This fake-looking Air Force photo is totally real and totally amazing

Military Tech

VIDEO: The M4 Carbine in slow motion

This picture looks fake but trust us, it's absolutely real and a totally amazing shot on the photographer's part.


Staff Sgt. Matthew Gluyas, 99th Security Forces Squadron military working dog handler, fires an M4 carbine at a target at Nellis Air Force Base, Nevada, Sept. 19, 2018. The M4 is now the standard issue firearm for most units in the U.S. military.(U.S. Air Force/Airman 1st Class Andrew D. Sarver)

The photo was floating around among some doubters on Instagram, which is where we spotted it. Those with a keen eye and even a cursory knowledge of the M4 rifle will immediately wonder, why is that shell casing in front of the barrel?

Normally, when an M4 fires, the spent brass is ejected to the right and rear of the shooter, at anywhere between 3 and 4 o'clock. But in this case, the brass was ejecting forward. Which is weird as all hell.

We reached out to the photographer, Airman 1st Class Andrew Sarver, who assured us that yes, it's legit. The photo was shot last month during range training with a K-9 unit at Nellis Air Force Base, Nevada, and part of a larger gallery he directed us to on DVIDS.

"The M4 we were using had been ejecting brass forward (at about a 2-3 o'clock position) throughout the entire exercise," Sarver told Task & Purpose. "From what I've been told, the M4 can sometimes do that when there is too much gas pressure. I just had great timing with capturing the shell at the exact rotation and elevation with the barrel!"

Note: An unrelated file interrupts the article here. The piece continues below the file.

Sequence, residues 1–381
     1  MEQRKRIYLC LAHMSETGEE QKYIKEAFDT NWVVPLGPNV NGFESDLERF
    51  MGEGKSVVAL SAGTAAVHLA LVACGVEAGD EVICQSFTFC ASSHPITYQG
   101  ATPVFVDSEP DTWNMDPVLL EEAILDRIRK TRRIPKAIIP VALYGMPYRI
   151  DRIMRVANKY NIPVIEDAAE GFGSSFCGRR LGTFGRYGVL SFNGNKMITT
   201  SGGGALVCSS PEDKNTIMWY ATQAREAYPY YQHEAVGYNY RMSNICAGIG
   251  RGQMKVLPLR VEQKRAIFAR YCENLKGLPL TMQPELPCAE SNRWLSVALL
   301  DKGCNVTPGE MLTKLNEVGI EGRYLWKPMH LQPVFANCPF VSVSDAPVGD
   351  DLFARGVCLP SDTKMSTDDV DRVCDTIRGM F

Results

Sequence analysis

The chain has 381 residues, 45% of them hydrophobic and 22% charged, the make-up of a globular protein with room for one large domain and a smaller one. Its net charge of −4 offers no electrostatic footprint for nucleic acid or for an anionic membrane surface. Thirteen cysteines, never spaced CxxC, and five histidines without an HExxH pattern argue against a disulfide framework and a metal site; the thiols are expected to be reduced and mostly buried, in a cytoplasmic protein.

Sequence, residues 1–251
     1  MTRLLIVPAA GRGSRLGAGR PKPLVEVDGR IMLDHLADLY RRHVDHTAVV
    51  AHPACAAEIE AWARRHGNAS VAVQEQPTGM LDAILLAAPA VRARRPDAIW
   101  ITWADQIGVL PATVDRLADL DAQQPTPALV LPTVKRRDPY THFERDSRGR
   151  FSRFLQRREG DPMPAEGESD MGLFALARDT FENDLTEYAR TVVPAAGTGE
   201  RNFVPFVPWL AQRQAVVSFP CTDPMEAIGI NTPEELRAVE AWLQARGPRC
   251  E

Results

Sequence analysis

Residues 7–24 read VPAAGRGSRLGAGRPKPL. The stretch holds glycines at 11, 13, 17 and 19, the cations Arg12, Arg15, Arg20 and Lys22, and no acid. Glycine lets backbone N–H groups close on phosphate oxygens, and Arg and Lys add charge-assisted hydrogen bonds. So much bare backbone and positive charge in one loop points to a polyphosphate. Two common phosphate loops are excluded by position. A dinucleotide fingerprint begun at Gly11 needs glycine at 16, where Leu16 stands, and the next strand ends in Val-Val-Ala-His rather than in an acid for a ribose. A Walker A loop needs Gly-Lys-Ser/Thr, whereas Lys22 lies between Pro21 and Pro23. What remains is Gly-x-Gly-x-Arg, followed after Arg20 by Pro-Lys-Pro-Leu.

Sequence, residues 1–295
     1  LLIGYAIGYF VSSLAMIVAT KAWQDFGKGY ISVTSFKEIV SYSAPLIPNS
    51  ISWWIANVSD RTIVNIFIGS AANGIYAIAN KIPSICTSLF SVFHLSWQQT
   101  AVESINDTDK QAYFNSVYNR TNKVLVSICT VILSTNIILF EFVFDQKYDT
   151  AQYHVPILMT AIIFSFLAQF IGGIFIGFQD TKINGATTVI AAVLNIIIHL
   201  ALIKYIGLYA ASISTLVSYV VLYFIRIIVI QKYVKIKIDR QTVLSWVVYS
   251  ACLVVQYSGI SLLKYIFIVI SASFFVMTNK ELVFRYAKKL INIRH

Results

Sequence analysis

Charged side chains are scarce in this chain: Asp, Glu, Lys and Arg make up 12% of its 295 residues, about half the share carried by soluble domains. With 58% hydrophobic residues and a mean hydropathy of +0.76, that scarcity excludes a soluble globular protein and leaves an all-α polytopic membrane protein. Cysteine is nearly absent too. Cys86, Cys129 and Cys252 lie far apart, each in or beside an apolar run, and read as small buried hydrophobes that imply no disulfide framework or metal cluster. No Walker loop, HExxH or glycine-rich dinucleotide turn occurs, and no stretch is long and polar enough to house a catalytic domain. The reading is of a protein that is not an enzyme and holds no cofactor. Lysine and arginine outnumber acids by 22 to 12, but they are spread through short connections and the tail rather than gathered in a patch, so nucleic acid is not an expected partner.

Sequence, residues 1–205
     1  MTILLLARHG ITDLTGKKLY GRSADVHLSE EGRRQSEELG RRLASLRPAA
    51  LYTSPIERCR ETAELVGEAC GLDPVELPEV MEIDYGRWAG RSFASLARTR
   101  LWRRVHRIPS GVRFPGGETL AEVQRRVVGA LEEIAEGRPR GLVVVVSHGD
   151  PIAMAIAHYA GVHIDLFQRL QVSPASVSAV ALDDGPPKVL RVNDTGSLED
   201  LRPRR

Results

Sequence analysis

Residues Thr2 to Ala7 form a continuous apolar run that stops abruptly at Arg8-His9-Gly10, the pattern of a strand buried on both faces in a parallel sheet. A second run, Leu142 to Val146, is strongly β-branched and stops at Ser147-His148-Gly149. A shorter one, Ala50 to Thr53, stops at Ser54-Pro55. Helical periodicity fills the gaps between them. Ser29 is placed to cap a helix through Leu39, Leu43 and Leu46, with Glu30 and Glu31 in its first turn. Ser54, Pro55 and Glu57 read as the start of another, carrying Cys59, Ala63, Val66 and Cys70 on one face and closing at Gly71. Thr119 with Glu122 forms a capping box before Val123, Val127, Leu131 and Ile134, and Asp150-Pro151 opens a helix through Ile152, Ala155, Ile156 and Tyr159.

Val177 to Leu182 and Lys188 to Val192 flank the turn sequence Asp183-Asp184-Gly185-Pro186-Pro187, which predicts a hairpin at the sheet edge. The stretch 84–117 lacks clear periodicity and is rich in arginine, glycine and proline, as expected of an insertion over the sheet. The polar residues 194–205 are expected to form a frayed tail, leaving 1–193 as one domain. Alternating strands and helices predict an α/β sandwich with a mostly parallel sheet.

That's actually true.

A Google search for "can AR brass eject forward?" yields plenty of people asking why it's happening to them, with helpful gun aficionados offering myriad reasons. Among them is brass hitting the brass deflector, or more often than not, too much gas. It's not a huge problem for the shooter, but it can cause a weird ejection, while resulting in more wear and tear to the rifle.

"The photo is definitely real, the timing was just impeccable," Staff Sgt. Matthew Gluyas, the airman in the photograph, told Task & Purpose. "Some people were trying to say I shot the casing out of the barrel or we photoshopped it to make it look like that but that was definitely not the case."

Besides those explanations, we also looked at the metadata on his photo and it didn't offer any clear tells that it was Photoshopped. And among Sarver's gallery was another picture taken from a different angle, which showed brass going forward instead of where it belongs.

Staff. Sgt. Juan Hinojosa, 99th Security Forces Squadron military working dog handler, fires a rifle at Nellis Air Force Base, Nevada, Sept. 19, 2018. Each member maneuvered to different stations where they fired their rifle and pistol while maintaining control over their military working dogs.(U.S. Air Force/Airman 1st Class Andrew D. Sarver)

And that concludes Task & Purpose myth busters for now.

(Associated Press/Gregory Bull)

The Navy has paused proceedings that could strip Eddie Gallagher and three other SEALs of their tridents while the service awaits a written order to formally stand down, a senior Navy official told Task & Purpose on Thursday.

Rear Adm. Collin Green, the head of Naval Special Warfare Command, was expected to decide on the matter after the SEALs appeared before a review board next month. But Trump tweeted on Thursday that Gallagher was in no danger of losing his trident, a sacred symbol of being part of the SEAL community.

"The Navy will NOT be taking away Warfighter and Navy Seal Eddie Gallagher's Trident Pin," the president tweeted. "This case was handled very badly from the beginning. Get back to business!"